No Jihad: French court orders child’s name be changed
The incident apparently stems from a common misconception that the word ‘Jihad’ translates as “holy war” in Arabic – when it actually means “struggle” or “effort.” However, as France is reeling from a number of devastating terror attacks over the last number of years, the term was deemed not to be in the child's best interest.
This is not the first time a court has ordered that a baby's name be changed in this way. In 2016, in the northern town of Roubaix, a boy's name was also changed from ‘Jihad’ to Jahid. While in 2013, before the major recent attacks, a French mother who sent her three-year-old son, Jihad, to school wearing a sweater reading: “I am a bomb” and “Born on September 11th,” was handed a suspended sentence.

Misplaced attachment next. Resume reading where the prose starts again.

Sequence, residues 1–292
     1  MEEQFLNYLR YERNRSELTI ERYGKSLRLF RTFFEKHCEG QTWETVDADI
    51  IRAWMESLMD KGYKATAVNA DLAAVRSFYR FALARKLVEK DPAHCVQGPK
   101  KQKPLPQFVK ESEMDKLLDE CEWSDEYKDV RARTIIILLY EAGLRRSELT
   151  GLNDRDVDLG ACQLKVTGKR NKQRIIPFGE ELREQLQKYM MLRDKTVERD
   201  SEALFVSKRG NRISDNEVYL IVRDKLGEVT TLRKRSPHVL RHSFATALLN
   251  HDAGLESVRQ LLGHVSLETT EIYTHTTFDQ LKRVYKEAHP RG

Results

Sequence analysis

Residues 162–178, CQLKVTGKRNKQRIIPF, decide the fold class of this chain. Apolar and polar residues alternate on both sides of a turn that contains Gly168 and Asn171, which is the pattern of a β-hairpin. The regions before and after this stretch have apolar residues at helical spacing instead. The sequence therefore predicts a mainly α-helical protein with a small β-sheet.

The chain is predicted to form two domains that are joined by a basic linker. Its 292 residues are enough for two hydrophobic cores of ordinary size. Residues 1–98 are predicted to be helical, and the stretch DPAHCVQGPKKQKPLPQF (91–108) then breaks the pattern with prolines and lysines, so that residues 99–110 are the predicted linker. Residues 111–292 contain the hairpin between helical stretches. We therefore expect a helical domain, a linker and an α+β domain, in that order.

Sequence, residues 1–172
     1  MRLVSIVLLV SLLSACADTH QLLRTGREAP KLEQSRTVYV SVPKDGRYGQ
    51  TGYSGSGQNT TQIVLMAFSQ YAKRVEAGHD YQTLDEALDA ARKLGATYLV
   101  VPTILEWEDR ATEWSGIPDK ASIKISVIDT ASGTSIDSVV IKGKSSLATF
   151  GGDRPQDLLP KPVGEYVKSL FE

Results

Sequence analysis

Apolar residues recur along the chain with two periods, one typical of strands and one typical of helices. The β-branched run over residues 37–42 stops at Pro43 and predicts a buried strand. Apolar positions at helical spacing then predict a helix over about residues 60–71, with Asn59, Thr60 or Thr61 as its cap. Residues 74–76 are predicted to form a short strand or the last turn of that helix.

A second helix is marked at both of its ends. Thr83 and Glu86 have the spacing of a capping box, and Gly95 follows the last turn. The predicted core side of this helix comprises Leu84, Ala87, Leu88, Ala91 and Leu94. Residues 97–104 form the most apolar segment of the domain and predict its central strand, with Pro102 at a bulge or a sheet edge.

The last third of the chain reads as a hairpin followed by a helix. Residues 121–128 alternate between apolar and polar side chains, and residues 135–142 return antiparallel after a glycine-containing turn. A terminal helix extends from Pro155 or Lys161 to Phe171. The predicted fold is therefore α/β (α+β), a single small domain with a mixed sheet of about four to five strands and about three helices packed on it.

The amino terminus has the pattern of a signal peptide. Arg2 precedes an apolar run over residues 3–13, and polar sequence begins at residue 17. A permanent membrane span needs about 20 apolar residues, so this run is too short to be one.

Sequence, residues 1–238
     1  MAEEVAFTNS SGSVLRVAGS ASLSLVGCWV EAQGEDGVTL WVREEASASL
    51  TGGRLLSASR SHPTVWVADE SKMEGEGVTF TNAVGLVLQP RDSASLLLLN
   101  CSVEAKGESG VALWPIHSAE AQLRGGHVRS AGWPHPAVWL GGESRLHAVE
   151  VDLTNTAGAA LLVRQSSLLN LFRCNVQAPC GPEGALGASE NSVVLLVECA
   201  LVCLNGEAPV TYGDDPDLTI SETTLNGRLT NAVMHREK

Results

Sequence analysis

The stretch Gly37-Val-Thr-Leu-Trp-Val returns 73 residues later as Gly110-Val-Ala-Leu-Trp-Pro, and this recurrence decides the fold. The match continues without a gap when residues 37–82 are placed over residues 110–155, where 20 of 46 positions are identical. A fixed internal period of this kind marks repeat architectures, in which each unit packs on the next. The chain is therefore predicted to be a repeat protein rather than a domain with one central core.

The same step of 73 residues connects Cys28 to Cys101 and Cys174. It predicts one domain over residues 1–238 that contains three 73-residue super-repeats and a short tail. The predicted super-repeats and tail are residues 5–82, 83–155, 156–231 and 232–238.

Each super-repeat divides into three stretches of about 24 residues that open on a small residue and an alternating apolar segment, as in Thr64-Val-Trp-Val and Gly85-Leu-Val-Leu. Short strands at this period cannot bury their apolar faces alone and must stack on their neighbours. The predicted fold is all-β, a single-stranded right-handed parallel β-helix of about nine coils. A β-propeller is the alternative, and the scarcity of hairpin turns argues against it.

In 2009, parents in the town of Valenciennes in northern France were refused permission to name their child Nutella, and a judge in the northern French town of Raismes told a couple that they couldn’t name their daughter Fraise (strawberry) that same year.